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Global Climate Change DigestArchives of the
Global Climate Change Digest

A Guide to Information on Greenhouse Gases and Ozone Depletion
Published July 1988 through June 1999



Item #d99mar19

“A 0.5-Million-Year Record of Millennial-Scale Climate Variability in the North Atlantic,” J. F. McManus, D. W. Oppo, and J. L. Cullen,Science 283 (5404), 971-975 (1999).

Examination of continuous high-resolution marine sediment records of the subpolar North Atlantic shows the millennial-scale pacing of climate variability. A critical threshold of ice sheet size, iceberg discharge, and proxies of sea-surface conditions (the relative abundance of ice-raft debris and the benthic oxygen isotope of planktonic Foraminifera) show that only small ice-volume changes are associated with large-amplitude shifts in climate response and variability.

Item #d99mar20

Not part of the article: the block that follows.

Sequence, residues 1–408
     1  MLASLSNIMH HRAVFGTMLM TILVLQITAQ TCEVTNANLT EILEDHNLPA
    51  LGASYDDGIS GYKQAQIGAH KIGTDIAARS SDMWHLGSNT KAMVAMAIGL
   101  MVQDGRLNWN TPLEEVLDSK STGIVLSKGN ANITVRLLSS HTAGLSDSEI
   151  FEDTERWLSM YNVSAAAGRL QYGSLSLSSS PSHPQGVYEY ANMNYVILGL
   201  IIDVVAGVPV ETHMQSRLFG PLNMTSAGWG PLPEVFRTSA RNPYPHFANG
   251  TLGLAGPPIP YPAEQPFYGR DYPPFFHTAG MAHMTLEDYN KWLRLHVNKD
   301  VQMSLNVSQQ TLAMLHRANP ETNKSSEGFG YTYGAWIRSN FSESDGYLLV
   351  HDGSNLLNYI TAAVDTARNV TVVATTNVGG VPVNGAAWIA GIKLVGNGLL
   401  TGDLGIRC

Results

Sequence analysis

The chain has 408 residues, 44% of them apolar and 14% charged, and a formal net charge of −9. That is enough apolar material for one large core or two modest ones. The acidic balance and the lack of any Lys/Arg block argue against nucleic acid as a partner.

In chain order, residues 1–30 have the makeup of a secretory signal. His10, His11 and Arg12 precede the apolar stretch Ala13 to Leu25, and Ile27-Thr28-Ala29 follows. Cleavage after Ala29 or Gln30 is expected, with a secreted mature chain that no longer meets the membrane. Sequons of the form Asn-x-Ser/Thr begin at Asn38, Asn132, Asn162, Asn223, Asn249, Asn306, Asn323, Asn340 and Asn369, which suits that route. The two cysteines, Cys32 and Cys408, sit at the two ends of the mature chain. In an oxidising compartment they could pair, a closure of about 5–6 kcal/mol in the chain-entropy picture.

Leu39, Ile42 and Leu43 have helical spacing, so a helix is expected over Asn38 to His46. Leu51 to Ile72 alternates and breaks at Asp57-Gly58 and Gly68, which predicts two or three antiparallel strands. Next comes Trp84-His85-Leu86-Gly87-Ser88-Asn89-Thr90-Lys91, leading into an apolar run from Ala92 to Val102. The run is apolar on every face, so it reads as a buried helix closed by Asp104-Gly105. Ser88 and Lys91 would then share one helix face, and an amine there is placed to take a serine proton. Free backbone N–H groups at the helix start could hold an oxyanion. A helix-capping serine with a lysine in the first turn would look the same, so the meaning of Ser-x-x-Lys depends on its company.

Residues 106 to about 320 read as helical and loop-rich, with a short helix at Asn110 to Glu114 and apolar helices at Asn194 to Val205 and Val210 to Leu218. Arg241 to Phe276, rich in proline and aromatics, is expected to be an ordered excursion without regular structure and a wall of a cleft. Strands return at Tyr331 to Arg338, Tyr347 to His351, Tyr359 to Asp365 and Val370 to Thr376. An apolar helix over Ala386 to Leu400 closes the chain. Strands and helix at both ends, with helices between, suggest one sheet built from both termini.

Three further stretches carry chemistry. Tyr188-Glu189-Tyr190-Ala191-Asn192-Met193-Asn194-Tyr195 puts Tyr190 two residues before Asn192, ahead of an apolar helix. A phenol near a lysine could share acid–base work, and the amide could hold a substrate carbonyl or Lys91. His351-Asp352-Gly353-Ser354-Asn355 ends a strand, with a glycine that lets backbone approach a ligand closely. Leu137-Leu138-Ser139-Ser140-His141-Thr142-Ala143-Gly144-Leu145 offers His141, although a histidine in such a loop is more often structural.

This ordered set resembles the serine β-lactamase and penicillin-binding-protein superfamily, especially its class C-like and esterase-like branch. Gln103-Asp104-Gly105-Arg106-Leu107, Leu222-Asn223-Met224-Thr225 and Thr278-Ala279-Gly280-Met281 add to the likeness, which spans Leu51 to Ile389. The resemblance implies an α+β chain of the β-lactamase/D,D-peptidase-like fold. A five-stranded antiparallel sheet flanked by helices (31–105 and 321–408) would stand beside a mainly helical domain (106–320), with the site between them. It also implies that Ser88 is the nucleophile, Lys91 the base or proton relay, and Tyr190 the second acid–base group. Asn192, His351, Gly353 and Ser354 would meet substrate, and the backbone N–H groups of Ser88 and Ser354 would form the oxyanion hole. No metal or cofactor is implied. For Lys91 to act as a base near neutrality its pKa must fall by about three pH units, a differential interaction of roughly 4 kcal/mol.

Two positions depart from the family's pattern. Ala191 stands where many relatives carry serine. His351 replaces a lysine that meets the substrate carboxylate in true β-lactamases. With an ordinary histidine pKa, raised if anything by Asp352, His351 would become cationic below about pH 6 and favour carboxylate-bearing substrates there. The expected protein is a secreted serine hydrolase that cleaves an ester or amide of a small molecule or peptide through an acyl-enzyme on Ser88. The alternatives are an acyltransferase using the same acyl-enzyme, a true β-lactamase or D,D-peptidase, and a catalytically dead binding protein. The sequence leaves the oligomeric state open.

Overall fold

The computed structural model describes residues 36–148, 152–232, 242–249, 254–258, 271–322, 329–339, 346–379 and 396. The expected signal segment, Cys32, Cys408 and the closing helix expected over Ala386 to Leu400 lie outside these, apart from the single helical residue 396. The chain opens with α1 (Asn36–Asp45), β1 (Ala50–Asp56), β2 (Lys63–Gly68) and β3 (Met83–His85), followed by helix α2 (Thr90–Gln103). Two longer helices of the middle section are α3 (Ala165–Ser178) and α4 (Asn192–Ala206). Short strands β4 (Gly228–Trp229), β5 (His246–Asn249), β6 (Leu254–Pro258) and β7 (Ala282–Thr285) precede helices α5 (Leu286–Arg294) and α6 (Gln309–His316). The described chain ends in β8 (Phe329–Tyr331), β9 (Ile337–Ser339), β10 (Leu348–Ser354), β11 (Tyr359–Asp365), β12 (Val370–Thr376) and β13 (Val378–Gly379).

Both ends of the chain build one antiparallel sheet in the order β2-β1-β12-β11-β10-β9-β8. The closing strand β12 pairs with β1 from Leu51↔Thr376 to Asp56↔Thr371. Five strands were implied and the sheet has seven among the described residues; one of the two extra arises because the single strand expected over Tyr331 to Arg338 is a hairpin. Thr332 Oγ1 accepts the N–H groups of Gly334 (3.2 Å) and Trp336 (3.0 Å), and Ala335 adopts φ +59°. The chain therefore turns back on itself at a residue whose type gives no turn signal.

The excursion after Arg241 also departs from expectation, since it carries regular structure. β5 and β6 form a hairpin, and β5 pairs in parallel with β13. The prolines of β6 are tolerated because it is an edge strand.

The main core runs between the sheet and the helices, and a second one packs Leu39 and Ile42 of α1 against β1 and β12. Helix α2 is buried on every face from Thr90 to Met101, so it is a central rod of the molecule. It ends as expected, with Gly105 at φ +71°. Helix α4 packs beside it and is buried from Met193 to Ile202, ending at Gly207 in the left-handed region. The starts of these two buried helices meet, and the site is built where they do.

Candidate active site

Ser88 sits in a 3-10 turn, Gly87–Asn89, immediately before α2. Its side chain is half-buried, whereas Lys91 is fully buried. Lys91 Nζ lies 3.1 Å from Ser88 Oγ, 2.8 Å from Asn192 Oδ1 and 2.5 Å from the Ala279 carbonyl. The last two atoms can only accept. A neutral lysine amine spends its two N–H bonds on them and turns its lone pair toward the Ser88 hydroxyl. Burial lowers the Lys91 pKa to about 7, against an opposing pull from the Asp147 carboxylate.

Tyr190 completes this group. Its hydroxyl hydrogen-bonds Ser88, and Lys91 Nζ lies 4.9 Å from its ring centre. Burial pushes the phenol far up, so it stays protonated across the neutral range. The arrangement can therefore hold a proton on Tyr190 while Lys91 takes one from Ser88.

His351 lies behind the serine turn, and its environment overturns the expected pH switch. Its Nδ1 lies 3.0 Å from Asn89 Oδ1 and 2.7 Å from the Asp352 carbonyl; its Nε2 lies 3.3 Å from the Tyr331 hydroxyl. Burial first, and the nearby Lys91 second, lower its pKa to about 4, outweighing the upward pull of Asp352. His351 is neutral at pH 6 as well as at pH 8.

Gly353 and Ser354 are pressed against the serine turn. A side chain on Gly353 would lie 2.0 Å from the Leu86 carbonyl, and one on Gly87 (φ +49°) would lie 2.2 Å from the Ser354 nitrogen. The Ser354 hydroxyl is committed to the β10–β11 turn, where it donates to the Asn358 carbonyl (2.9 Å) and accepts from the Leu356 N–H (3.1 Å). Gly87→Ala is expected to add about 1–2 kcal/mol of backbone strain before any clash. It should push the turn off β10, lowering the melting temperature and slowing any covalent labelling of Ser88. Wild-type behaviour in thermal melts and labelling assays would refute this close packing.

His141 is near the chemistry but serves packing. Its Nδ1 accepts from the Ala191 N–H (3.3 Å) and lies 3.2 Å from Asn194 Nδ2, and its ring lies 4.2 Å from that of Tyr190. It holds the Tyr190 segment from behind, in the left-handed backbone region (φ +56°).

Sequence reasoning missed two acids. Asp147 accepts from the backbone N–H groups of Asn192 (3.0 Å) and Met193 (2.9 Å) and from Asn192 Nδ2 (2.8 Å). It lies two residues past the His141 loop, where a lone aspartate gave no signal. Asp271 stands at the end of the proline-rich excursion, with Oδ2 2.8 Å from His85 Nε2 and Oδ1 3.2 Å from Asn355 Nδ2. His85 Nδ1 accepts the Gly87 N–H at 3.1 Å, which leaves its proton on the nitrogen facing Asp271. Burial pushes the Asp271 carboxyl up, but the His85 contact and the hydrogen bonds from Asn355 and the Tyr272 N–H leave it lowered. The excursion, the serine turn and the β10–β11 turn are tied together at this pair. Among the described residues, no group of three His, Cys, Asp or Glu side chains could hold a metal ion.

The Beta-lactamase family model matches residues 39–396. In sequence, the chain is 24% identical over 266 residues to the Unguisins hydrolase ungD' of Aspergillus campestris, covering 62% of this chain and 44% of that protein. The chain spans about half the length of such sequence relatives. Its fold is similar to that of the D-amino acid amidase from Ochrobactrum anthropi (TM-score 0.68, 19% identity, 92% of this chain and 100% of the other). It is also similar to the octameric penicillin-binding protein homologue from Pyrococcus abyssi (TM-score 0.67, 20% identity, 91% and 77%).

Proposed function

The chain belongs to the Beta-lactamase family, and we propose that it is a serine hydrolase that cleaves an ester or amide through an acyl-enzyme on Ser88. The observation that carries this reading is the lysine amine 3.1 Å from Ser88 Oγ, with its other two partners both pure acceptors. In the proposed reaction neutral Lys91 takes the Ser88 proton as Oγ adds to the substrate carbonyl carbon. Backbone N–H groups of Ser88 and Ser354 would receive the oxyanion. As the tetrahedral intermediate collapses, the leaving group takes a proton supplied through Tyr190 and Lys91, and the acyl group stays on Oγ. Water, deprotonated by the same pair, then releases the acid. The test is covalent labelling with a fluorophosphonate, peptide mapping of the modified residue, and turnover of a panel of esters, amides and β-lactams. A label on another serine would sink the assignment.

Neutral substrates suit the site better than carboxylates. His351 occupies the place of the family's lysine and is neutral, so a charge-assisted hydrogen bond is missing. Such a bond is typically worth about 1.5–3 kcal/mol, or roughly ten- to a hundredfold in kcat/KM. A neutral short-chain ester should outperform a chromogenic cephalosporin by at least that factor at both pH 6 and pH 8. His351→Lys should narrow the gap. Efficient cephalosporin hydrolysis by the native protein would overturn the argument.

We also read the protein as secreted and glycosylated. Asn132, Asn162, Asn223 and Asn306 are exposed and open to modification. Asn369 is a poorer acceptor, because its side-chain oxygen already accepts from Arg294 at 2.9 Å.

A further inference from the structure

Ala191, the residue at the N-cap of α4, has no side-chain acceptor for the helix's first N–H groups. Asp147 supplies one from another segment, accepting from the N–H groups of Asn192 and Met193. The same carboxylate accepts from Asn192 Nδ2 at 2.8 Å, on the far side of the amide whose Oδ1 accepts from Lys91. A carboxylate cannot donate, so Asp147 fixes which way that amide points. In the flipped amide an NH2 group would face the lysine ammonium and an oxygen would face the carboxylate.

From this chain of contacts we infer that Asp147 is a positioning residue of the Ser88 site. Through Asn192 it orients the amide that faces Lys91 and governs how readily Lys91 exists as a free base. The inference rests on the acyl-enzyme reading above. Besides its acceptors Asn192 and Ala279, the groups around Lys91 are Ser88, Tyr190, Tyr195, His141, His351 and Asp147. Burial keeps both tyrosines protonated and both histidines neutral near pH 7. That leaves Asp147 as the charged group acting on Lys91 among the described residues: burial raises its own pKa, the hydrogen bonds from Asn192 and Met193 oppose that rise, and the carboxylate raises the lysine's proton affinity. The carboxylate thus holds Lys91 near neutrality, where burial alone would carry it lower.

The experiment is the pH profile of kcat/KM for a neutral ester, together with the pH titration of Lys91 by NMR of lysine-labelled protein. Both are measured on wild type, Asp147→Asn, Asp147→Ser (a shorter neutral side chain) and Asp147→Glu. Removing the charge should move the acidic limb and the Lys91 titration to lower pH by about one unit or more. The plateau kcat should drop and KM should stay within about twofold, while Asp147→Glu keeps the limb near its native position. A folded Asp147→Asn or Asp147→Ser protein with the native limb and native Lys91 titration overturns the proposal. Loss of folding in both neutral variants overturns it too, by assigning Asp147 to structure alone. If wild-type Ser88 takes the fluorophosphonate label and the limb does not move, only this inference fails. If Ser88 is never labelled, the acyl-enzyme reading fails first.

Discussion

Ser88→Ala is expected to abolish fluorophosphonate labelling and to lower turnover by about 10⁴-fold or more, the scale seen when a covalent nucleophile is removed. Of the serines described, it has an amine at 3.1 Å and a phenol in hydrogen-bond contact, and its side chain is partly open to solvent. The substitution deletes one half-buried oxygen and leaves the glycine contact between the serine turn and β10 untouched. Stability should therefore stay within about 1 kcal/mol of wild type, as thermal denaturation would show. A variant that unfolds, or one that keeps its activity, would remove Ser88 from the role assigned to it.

“124,000-Year Periodicity in Terrestrial Vegetation Change During the Late Pliocene Epoch,” K. J. Willis, A. Kleczkowski, and S. J. Crowhurst,Nature 397, 685-688 (1999).

Spectral analysis of the lake sediments from Pula maar in Hungary provide a high-resolution continental record of late-Pliocene climate change (from 3 million to 2.6 million years ago) and the vegetative response during this period of global cooling. The analysis indicates a response of the terrestrial vegetation that has the same periodicities as the Earth’s obliquity and precession. It also shows a very strong response with a periodicity of about 124,000 years, a periodicity that would not reflect solar forcing. Rather, internally driven nonlinear responses of the climate system must have produced these vegetative responses that were even stronger than the solar forcing.

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